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1938 Delage D8 120 Aerosport Coupe by Letourneur & Marchand


  • Model Year: 1938
  • Engine Size: 4.7L
  • Trans: Manual
  • Fuel Type: Gas

1 of 12 Built and 1 of 8 in Existence

Of the 12 Delage D-8 120 Aerosport Coupes by Letourneur & Marchand Coachbuilders, This Particular Example is Number Eleven

Chassis No. 51617, Engine No. 51617

Coachwork by LeTourneur et Marchand

Fully Documented History

Featuring the Original Late Production Larger 4.7 Litre Straight-8 Motor

Cotal Four-Speed Electric Pre-Selector Gearbox

Full Extended Pontoon Front and Rear Wings

Full Separate Step Plate Running Boards

Split Rear Windscreen with the Leading Edge of the Rear Larger Distinctive Aerosport Fin

Louvered Hood

Wheelbase: 133

Period Brochures & Manuals

Recently Completely Restored (1999) for the Second Time in the Past Owners 57 Years of Ownership, A Distinguished Atvocat (Barrister) and Noted Delage Authority

Ordered New by French Aviation Pioneer, Felix Amiot

Seized During WWII by the German Government and Sent to Occupied Denmark in 1940.  After Denmark’s Liberation in 1945 the Car Was Confiscated by the Newly Re-Established Danish Government, Where it was Assigned a New Documented Title Number D838120 and Sold to National Resistance Hero, Jens Lillelund.  Then Passed on to Danish Industrialist, Knud Vilhelm Count Shulin Who Sold the Car to Hans Jorgen Beier in 1956. Beier Owned the Car Until 2013 When it Was Imported to Florida

Long considered the most attractive design in Delage history, the Aerosport was the work of the brilliant Marcel LeTourneur, who today ranks alongside the renowned Jean Bugatti as one of the greatest young French designers of the 1930s. Just 12 Aerosport coupes were built (not counting the less attractive notchback coupes), all featuring long hoods, flowing fenders and a unique roof design incorporating dramatic downward-sweeping pillarless side windows. At almost 18 feet in length, the Aerosport was a large but beautifully styled and proportioned automobile whose lightweight alloy body easily enabled prolonged cruising at highway speeds. The final iteration of the Aerosport, design number 5941, was reserved for this car, chassis number 51617. A late Series 2 car with a lower roofline, it is the 11th built of the series of 12 cars, eight of which remain extant today. Recently imported from Copenhagen by a Sarasota, Florida, museum, its entire history and ownership are very well chronicled. Ordered by French aviation pioneer and manufacturer Felix Amiot, the car was delivered to LeTourneur et Marchand on February 1, 1939 and completed later that spring. At the beginning of the German occupation in June 1940 the car was requisitioned by the Wehrmacht for a German officer and sent to occupied Denmark in September 1940. After Denmark’s liberation in May 1945 the car was confiscated by the newly re-established Danish government, where it assigned a new documented title number D838120 with engine number 51617 (both remaining with car today) and sold it to national resistance hero Jens Lillelund. It passed then to Danish industrialist Knud Vilhelm Count Schulin, who demonstrated the Aerosport’s performance when he almost succeeded in outrunning the police on his way to catching a ferry; the incident, which ended with a record-setting fine, was reported in the national media, immortalizing both the Aerosport and its driver in Danish automotive lore. The Count’s company, DAPA, manufactured heavy truck trailers; the Delage was parked outside a DAPA factory with a “For Sale” sign when it was discovered by its next owner, prominent Copenhagen attorney Hans Jorgen Beier in 1956. Beier had the somewhat run-down Delage fully restored in 1957, and again in a two-year project completed in 1999. A most enthusiastic owner and caretaker, Mr. Beier amassed a huge collection of handbooks, instruction manuals and historic marque information, all of which accompany the car. After 57 years of single ownership, in 2013 the car was imported directly to Florida, where it was rallied and shown at the Amelia Island Concours d’Elegance in non-judged display-only status. Always carefully maintained, this magnificent French automotive objet d’art still presents in excellent condition today.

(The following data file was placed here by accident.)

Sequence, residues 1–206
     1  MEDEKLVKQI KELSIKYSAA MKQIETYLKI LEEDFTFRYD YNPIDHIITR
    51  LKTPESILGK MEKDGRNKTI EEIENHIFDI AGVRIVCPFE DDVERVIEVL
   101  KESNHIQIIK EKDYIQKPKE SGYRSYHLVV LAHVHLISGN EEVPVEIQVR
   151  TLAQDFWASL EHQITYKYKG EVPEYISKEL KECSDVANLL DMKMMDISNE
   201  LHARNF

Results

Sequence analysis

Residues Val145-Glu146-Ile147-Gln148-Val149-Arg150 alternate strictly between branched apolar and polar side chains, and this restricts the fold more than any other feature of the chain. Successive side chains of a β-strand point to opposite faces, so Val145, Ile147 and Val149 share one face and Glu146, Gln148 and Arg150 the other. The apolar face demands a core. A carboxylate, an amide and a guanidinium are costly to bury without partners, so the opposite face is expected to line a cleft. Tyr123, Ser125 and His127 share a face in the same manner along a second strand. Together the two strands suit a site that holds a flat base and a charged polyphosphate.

Imperious and strong-willed, Louis Delage ran his automobile company from its founding in 1905 to its liquidation at the height of the Great Depression with unbending authority. The graduate of the École Nationale d’Arts et Métiers spent two years at Peugeot before starting his own Paris firm in partnership with fellow engineer Augustin Legros. Delage pioneered the exploitation of racing success to sell cars, first earning national acclaim by taking 2nd place at the 1906 Coupe des Voiturettes de L’Auto. Rapid expansion followed. Bolstered by wartime profits, Automobiles Delage emerged from WWI poised to establish a line of luxury automobiles and to maximize sales with more racing victories. After winning the 1927 Grand Prix World Championship at almost crippling expense, Delage turned his attention to producing beautifully engineered chassis and drivetrains clothed by Europe’s leading coachbuilders and prized by such owners as entertainer Josephine Baker and Ethiopian Emperor Haile Selassie. By the 1930s the majestic French marque was hemorrhaging both money and disaffected talent, and in 1935 Delage was forced to liquidate its assets, which were eventually purchased by Delahaye. The first new design of the Delahaye era, the D8-120, was also the most memorable. Built on a Delahaye chassis, the D8-120 was the only 8-cylinder-powered car in the entire Delage-Delahaye range. Its chromed flex-pipe exhaust system, sweeping voluptuousness and regal countenance made it the belle of the Concours d’Elegance circuit and an immortal classic, once again attracting the ministrations of the top designers, most notably LeTourneur et Marchand, who created the elegant Aerosport coupe offered here.